__________________
Don’t look for the light at the end of the tunnel. Stomp along and switch the bl**dy thing on yourself.
Mad Cook is offline   Reply With Quote
Old 03-25-2015, 02:43 PM   #26
Executive Chef
 
Mad Cook's Avatar
 
Join Date: Jun 2013
Location: North West England
Posts: 4,153
Odd Mustard Facts

Believe it or not, in Norwich where Colmans mustard is made there is the Mustard Shop and Museum! Essential tourist destination

Mustard oil is used a lot in cooking in northern India, Pakistan, Bangladesh, etc., and babies were traditionally massaged with mustard oil supposedly to strengthen the body.

It's used to season the playing surface in some Indian drums to improve the sound

It's painted around the doorway of the house when newly weds enter the house for the first time

(I shared a flat when I was a student with a girl who was brought up in India.)
__________________
Don’t look for the light at the end of the tunnel. Stomp along and switch the bl**dy thing on yourself.
Mad Cook is offline   Reply With Quote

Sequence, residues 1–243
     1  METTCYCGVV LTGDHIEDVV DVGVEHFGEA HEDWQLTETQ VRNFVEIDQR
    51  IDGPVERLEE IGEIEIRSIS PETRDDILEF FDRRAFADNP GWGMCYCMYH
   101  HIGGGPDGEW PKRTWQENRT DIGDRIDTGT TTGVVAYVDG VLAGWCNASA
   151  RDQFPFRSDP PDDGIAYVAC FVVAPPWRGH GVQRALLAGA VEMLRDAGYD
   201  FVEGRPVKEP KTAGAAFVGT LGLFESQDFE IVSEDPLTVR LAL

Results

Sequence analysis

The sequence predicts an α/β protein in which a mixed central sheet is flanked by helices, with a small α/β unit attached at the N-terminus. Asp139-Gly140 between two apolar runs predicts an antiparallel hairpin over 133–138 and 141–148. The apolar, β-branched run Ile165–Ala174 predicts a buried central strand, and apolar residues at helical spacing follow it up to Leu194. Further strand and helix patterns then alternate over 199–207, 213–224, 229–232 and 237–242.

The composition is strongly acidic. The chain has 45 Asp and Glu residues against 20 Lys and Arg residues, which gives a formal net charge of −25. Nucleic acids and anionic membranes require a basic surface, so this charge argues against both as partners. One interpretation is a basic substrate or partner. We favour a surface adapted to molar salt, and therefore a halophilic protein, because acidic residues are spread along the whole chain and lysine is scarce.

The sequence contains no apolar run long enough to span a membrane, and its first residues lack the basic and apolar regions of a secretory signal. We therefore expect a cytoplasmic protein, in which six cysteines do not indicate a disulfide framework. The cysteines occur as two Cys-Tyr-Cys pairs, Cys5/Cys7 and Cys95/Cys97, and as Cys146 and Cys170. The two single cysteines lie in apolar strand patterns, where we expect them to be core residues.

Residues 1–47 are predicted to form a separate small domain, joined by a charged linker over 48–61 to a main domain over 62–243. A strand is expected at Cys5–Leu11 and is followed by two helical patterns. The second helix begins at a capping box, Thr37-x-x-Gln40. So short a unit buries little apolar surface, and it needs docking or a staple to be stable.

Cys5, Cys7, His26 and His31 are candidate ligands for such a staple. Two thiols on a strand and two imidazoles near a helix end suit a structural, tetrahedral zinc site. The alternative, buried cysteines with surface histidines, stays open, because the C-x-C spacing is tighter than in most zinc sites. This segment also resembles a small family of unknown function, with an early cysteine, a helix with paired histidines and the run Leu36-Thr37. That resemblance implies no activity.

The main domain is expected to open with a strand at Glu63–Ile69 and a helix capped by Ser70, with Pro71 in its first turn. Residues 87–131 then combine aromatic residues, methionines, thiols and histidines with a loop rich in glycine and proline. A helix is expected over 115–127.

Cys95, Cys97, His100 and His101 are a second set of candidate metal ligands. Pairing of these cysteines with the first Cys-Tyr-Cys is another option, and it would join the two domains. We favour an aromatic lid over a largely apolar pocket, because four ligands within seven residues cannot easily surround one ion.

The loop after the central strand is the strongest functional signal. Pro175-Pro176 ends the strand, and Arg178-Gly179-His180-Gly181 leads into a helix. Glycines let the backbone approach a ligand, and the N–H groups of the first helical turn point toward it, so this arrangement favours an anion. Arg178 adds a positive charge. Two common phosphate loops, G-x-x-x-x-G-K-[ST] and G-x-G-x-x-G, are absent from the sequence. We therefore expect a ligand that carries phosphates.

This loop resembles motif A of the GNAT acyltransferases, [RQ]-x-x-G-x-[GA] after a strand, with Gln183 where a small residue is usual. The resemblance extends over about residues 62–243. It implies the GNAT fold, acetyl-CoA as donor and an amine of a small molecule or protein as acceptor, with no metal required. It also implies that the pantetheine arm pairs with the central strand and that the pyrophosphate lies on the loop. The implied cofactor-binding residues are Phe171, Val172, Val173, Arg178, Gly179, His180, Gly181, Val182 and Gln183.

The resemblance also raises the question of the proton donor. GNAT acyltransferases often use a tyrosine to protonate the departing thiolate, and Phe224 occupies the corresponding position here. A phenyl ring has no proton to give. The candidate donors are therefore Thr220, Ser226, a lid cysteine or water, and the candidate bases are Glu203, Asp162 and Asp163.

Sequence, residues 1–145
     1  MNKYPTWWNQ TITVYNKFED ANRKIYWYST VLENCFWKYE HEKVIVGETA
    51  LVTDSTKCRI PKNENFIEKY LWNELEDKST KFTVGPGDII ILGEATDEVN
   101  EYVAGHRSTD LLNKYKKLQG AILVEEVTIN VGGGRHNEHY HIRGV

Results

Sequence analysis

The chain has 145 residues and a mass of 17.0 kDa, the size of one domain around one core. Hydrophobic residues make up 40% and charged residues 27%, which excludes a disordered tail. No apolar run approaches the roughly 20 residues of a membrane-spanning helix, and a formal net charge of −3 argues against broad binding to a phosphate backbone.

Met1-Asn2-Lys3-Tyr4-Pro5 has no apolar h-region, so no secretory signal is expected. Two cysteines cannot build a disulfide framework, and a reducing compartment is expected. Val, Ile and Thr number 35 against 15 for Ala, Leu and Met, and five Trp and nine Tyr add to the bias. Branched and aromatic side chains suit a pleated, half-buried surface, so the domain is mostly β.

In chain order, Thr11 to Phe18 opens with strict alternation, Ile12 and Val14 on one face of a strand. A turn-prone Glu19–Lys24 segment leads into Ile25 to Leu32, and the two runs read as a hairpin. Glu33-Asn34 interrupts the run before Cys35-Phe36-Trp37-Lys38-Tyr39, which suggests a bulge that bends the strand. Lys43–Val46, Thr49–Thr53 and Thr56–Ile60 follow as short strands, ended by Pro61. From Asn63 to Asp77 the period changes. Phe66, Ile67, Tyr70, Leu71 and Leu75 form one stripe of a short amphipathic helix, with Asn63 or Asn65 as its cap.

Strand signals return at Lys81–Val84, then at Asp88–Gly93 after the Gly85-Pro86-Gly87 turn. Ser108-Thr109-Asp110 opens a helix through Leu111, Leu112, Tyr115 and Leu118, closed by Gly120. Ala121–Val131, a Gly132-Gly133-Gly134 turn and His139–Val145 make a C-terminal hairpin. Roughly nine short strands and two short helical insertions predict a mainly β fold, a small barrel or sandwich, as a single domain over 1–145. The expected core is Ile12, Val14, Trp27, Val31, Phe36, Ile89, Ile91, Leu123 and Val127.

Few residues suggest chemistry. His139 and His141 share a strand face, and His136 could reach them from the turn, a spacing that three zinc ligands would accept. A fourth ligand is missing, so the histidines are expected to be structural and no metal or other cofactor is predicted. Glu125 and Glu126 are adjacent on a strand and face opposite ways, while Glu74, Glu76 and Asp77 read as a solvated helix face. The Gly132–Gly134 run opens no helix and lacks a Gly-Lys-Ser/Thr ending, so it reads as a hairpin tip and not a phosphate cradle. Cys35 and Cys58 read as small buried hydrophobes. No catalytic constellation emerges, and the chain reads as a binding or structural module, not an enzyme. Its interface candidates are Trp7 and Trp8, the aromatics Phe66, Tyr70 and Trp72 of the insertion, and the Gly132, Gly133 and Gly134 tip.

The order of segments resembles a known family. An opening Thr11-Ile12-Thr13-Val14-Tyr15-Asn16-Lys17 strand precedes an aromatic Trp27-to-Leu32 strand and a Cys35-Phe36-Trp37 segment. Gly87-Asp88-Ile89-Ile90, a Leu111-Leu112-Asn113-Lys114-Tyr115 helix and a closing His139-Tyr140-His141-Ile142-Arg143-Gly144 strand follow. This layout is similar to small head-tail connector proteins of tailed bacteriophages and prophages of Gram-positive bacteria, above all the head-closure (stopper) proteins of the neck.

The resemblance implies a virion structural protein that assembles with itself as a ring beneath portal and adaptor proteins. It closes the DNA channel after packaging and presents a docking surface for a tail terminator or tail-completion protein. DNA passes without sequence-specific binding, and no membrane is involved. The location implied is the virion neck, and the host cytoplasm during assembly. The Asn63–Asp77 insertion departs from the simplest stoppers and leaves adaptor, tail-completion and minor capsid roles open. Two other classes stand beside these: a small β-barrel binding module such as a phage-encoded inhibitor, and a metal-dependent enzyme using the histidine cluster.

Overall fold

Old 03-25-2015, 02:45 PM   #27
Head Chef
 
RPCookin's Avatar
 
Join Date: Apr 2005
Location: Logan County, Colorado
Posts: 2,045
Plain old yellow mustard makes a great base when doing a dry rub on pork. It helps the rub to stay put, yet the mustard seems to cook away and leave behind no real flavor of its own. I was skeptical the first time I did it, but you can't taste any mustard at all, even when just nibbling a piece of the crust that forms when you smoke or barbecue low and slow.

Using a teaspoon of mustard in a pint of vinaigrette also doesn't really add much if any flavor, but it emulsifies the oil and vinegar (learned that from Chef Michael Smith ).
__________________
Rick
RPCookin is offline   Reply With Quote
Old 03-25-2015, 03:09 PM   #28
Chef Extraordinaire
 
taxlady's Avatar
 
Join Date: Sep 2010
Location: near Montreal, Quebec, Canada
Posts: 18,875
Send a message via Skype™ to taxlady
Quote:
Originally Posted by Mad Cook View Post
Colmans English mustard comes as powder or ready made. I fined both too hot as condiments and I prefer French mustards. Colmans does make a hideous brown concoction which they call "French mustard" but bears no resemblance to any real French mustard I've ever tasted.
Is there much difference between Colman's mustard powder and Keen's? It says on the tin

By appointment to
Her Majesty Queen Elizabeth II
Manufacturers of Mustard and Sauces